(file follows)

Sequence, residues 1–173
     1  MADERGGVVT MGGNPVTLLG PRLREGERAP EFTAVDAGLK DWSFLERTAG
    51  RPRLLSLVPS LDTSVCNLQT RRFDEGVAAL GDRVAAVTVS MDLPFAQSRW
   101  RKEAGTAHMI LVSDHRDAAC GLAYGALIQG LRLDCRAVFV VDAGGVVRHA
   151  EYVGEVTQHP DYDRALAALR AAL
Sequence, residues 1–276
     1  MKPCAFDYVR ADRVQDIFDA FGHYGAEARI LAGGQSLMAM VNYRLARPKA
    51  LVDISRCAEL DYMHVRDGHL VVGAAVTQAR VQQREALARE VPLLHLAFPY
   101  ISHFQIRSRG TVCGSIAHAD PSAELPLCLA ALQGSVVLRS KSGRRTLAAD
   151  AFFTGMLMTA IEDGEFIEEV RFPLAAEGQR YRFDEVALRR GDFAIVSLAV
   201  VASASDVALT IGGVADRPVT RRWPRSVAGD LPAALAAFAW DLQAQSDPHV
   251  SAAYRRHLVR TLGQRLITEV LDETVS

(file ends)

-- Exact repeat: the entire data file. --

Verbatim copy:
Sequence, residues 1–173
     1  MADERGGVVT MGGNPVTLLG PRLREGERAP EFTAVDAGLK DWSFLERTAG
    51  RPRLLSLVPS LDTSVCNLQT RRFDEGVAAL GDRVAAVTVS MDLPFAQSRW
   101  RKEAGTAHMI LVSDHRDAAC GLAYGALIQG LRLDCRAVFV VDAGGVVRHA
   151  EYVGEVTQHP DYDRALAALR AAL
Sequence, residues 1–276
     1  MKPCAFDYVR ADRVQDIFDA FGHYGAEARI LAGGQSLMAM VNYRLARPKA
    51  LVDISRCAEL DYMHVRDGHL VVGAAVTQAR VQQREALARE VPLLHLAFPY
   101  ISHFQIRSRG TVCGSIAHAD PSAELPLCLA ALQGSVVLRS KSGRRTLAAD
   151  AFFTGMLMTA IEDGEFIEEV RFPLAAEGQR YRFDEVALRR GDFAIVSLAV
   201  VASASDVALT IGGVADRPVT RRWPRSVAGD LPAALAAFAW DLQAQSDPHV
   251  SAAYRRHLVR TLGQRLITEV LDETVS